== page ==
The State of the Bible in the Twenty-First Century

By Klein, Ralph W. | Currents in Theology and Mission, February 2008 | Go to article overview

The State of the Bible in the Twenty-First Century


Klein, Ralph W., Currents in Theology and Mission


Lutherans are not the only Christians who are celebrating, worrying about, and trying to attend to the role of the Bible in the life of the Christian church. I just returned from the annual meeting of the Society of Biblical Literature and the American Academy of Religion, where some 8,000+ scholars listened to or read papers that not only reached back to what the Bible meant but in many cases also reached forward to what the Bible might mean for theology, ethics, and life in the church (and synagogue) today.

The Hein Fry lectures at the eight ELCA seminaries in 2006 were delivered by two outstanding New Testament scholars, and Currents is pleased once more to make this lecture series available to an even wider audience. Donald A. Hagner is an evangelical; Donald Senior, C. P., is Roman Catholic. Let all who have ears, hear!

Donald A. Hagner reports on the state of the Bible from his position as a leading evangelical scholar and begins by identifying a number of recent surveys of hermeneutical issues. He notes the widespread retreat from history and traditional methods of interpretation to the new obsessive focus on the reader rather than the text. For many the Bible is no longer the book of books, but a book among many books. While the Bible is widely attacked by those outside the church, it also suffers from abuse of the Bible by (mainly) conservative Christians. The article offers an explanation for the Bible's loss of authority and why the Bible is no longer heard as the written word of God. The historical-critical method is necessary, however, precisely because the Bible is the story of God's acts in history. Nevertheless, the historical method has been destructive of the Bible. For this reason the naturalistic presuppositions of the historical-critical method must change, leaving room for God to act in history. In its pure form the literary approach is totally hostile to history, insisting on understanding the text as a self-contained world and as strictly nonreferential. Postmodernism has issued a justified critique of modernism (belief in the ability of human reason to know everything; inflated claims for objectivity). But postmodernism can lead to the impossibility of knowledge altogether and a dismissal of the idea of truth. All that is available then is opinion, and yours is as good as mine. Some of the polemics of postmodernists against historical criticism is unfair. Traditional exegetes are not as dumb as some postmodern writers make them out to be. Some of the new insights of postmodernism are compatible with a tempered historical-critical exegesis. For evangelicals the historical-critical method is fundamentally important. Christianity cannot be merely story, merely idea, merely concepts, merely images, merely ethics. Most exegetes are ultimately questing after the same thing: to make it possible to hear the voice of God in the Scriptures. Our interpretation of the Bible must be in line with the tradition of the church, the faithful who have preceded us, and a hermeneutic provided by the regula fidei. The implied interpreter of the Christian Scripture is a disciple. A theological interpretation will unleash the potential of Scripture because this kind of reading is characterized by an openness to hear and to know God in the texts.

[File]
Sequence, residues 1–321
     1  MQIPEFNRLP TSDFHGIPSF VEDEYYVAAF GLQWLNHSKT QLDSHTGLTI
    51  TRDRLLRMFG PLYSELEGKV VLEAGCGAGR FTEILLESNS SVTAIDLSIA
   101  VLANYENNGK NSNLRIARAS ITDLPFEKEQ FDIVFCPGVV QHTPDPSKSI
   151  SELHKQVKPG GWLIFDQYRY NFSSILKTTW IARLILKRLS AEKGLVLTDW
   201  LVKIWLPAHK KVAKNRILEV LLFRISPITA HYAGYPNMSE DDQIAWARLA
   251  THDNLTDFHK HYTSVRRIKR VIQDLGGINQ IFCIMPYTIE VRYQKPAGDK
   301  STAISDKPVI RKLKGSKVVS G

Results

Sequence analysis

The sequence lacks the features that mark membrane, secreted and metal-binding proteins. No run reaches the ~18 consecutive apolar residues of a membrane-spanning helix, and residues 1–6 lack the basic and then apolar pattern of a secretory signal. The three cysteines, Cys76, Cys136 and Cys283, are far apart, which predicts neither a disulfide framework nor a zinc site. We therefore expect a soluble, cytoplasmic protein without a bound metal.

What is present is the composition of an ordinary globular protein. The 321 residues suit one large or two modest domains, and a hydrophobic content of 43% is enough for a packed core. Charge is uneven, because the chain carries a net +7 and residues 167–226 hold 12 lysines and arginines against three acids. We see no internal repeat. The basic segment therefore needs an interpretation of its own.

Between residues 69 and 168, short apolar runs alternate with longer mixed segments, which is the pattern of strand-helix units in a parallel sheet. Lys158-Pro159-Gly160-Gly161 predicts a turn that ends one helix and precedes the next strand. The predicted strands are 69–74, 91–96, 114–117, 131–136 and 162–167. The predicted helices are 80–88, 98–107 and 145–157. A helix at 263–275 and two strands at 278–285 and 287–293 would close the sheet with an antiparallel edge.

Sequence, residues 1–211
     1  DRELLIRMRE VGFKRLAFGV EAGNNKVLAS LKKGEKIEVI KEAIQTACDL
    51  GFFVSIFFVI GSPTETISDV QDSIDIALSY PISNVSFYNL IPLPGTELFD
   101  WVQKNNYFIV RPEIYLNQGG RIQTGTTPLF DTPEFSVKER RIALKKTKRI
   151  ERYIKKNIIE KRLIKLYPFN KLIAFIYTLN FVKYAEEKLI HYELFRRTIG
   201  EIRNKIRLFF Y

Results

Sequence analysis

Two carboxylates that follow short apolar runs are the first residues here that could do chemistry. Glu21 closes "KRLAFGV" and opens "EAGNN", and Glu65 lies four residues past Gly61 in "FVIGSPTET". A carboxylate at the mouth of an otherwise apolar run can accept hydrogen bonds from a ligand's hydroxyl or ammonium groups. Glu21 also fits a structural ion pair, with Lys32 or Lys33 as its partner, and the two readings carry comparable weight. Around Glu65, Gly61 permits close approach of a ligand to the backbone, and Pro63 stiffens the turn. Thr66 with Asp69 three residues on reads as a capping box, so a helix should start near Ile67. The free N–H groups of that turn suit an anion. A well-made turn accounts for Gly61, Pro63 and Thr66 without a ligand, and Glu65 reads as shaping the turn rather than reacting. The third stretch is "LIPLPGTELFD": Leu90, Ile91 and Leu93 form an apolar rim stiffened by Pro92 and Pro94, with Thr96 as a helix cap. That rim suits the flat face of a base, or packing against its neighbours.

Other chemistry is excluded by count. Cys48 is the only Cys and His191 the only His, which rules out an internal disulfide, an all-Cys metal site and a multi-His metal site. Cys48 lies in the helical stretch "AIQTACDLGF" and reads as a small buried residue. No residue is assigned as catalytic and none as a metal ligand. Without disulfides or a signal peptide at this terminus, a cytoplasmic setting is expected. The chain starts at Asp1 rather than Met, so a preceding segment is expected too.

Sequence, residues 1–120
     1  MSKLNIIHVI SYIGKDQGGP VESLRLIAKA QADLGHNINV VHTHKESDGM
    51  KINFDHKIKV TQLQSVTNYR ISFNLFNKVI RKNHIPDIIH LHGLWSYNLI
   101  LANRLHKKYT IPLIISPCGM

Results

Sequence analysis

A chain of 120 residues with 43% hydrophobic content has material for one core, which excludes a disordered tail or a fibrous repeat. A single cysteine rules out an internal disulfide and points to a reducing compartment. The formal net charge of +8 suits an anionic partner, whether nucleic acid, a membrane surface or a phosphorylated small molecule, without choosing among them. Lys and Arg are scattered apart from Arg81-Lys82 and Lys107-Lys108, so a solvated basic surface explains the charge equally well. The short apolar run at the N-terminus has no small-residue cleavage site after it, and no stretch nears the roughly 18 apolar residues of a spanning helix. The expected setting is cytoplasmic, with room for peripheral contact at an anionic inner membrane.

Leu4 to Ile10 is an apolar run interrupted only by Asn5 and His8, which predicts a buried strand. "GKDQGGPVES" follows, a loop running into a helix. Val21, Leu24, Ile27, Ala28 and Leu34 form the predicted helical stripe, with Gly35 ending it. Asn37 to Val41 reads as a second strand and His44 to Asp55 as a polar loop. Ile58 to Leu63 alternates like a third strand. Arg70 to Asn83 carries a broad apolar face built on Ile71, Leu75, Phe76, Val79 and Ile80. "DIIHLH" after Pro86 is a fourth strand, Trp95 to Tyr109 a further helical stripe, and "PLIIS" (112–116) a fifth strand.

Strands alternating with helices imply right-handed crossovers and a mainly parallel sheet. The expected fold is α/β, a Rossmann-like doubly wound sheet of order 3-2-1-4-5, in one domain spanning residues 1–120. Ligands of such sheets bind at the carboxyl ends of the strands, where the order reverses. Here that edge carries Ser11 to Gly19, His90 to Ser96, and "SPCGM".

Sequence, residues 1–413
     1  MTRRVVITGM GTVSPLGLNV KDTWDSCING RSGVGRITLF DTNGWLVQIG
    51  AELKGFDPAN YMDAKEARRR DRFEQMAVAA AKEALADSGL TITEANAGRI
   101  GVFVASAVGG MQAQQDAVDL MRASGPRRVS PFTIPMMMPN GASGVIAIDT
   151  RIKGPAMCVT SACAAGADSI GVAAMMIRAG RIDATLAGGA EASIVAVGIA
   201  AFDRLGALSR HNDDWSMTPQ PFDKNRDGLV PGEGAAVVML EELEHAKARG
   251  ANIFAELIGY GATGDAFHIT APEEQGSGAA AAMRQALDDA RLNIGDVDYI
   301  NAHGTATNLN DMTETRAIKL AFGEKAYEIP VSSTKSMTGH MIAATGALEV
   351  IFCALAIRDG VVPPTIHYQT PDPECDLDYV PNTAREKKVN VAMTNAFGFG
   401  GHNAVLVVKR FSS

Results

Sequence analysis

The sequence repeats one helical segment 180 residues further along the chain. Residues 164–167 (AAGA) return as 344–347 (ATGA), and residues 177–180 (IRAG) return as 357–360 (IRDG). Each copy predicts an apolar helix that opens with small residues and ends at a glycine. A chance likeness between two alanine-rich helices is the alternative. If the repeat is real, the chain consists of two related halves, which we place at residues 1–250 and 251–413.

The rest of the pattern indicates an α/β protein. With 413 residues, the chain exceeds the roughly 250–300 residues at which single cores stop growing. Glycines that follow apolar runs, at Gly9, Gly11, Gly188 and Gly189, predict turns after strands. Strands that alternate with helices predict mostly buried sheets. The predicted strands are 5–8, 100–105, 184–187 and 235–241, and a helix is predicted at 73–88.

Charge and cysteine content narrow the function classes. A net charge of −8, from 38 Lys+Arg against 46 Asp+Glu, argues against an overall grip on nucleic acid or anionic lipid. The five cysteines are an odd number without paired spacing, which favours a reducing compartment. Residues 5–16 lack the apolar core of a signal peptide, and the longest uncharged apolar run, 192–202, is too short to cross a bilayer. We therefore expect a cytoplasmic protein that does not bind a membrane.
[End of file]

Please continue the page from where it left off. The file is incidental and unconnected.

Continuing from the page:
In his second essay, Donald A. Hagner emphasizes the recent interest in the theological interpretation of Scripture, that is, exegesis done with faith presuppositions up front. Historical-critical exegesis maintains its importance, tempered by an openness to and an interest in theological reality. Charges that the Bible has no stable meaning are faced with the fact that exegetes agree on the meaning of texts 70-80 percent of the time. Biblical authors intend to say rather specific things, and they succeed in expressing themselves much or most of the time. If we are going to be open to deeper or "spiritual" senses of Scripture, we need to have our feet firmly planted in the exegesis of the plain meaning of the texts. …

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